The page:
Drinking Water distribution networks, and Wastewater collection systems on the other hand are of a different nature: we easily talk about several thousands of kilometers of pipes for a one million inhabitants’ city, spread over some hundreds of square kilometers. Some pipes are more than a century old, sometimes nobody knows exactly where they are, they often leak, are sometimes blocked, or overflow with heavy rains…They are today the weakest part of the large water cycle.

Leakage can count up to 50% of water losses in poor networks (down to 3% in best networks). They are still quite often manually detected (checking noises), although acoustic signals correlation from microphones bring stunning results (overnight detection and great precision by multiple sensors connected to a telecom network). However this solution based on wide-area IoT and AI is quite expensive, and doesn’t work with any type of pipes. Solutions using only AI and existing sensors (pressure…) are less sophisticated (and cheaper), and are sometimes more accurate than humans. Some are developed by startups who then already pre-empt part of the value historically delivered by the operator.

Considering the characteristic of leaks (slow start/early signals, wide geographic dispersion), Robotics can offer a good tradeoff for better and more accurate leak detection at affordable cost, plus a great potential for leak repair, by a simple but powerful change in measurement concept: moving from Space Sampling/Continuous Time to Time Sampling/Continuous Space.Swarms of autonomous submarine drones can continuously travel and videotape the pipes from the inside, and park sometimes for sending data and charging batteries. Equipped with light, camera and locator system, they can easily compare internal surface of the pipe between two passages and detect when a leak is starting.

Those drones can also be equipped with a robotized arm and a system to repair leaks, and then you come with a self-repairable pipe.

 

This example shows how robots can help making infrastructures autonomous. This new concept – shorten as much as possible the feedback loop – can be applied to any sort of infrastructure, pushing efficiency to its maximum. It also introduces a business risk: the value added by the infrastructure operator can partly shift to the infrastructure itself.

 

Another important characteristic of urban infrastructures is their ability to share information related to a unique context: the city territory. For example, all urban vehicles can contribute to video surveillance thanks to sensors fusion and cameras put on top of all vehicles (Post office, waste collection, busses, cleaning vehicles…) making an extensive footprint in the city. Autonomous vehicles could then be used to maximize the global efficiency of the city across all infrastructures, by marginally automatically modify the trip of any vehicle. The concept can be extended to the use of vehicles dedicated to a given service for another service: for example, reverse logistics (using delivery trucks to bring back some waste materials) is being tested in different places.Autonomous robots, thanks to their versatility, will support the global integration of all infrastructure components of the city, and will call for a unique “City Command Center” that will maximize resources pooling more efficiently than just data pooling.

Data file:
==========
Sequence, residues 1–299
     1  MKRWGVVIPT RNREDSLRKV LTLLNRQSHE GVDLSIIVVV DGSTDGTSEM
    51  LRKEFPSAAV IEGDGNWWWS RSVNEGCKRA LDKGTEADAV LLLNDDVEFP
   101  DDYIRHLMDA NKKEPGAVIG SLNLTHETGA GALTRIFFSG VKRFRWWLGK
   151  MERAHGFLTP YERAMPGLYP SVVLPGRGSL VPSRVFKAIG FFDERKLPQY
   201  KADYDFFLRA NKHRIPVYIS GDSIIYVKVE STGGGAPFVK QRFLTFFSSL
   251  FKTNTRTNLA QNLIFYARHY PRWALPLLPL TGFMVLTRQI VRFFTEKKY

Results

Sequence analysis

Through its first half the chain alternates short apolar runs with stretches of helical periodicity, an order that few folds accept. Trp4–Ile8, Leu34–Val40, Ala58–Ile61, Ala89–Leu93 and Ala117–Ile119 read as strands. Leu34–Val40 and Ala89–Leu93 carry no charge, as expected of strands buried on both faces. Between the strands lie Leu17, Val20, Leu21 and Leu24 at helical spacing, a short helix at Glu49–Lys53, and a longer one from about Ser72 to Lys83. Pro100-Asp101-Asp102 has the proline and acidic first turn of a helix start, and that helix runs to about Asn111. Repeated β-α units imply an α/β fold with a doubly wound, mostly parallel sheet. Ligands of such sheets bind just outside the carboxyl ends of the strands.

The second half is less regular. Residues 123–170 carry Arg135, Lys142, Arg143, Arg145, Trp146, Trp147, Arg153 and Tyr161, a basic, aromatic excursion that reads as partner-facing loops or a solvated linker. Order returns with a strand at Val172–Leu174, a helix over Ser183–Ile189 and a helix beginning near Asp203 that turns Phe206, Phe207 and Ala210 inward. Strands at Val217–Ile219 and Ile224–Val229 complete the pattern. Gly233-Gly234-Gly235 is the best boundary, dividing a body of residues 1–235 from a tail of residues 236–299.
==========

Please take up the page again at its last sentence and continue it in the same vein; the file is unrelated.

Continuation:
At last, optimal solution to our environmental problems would probably have to involve all stakeholders, including city dwellers. Size of the population being part of the problem, it should be part of the solution. Best existing example is solar electricity in India: individuals buy solar panels thus decentralizing production of electricity and relaxing constraint on the global energy network. Many other examples will come in the coming years, based on availability of personal water treatment units, personal drinking water production units, small urban farm modules, multi task companion robots, autonomous cars and the like. The nature of infrastructures will consequently be altered, from vertical end-to-end service delivery channels to horizontal multi-services platforms whose ownership (public authorities, private companies) is not very clear in the long term.

 

In conclusion, urban environmental services will face major changes when IOT, AI and autonomous robots become massively available. Infrastructures will be made autonomous and versatile, globally managed under a unique city command center that will have to act as a federation of platforms, creating the risk of having both infrastructure operators and public authorities being disrupted.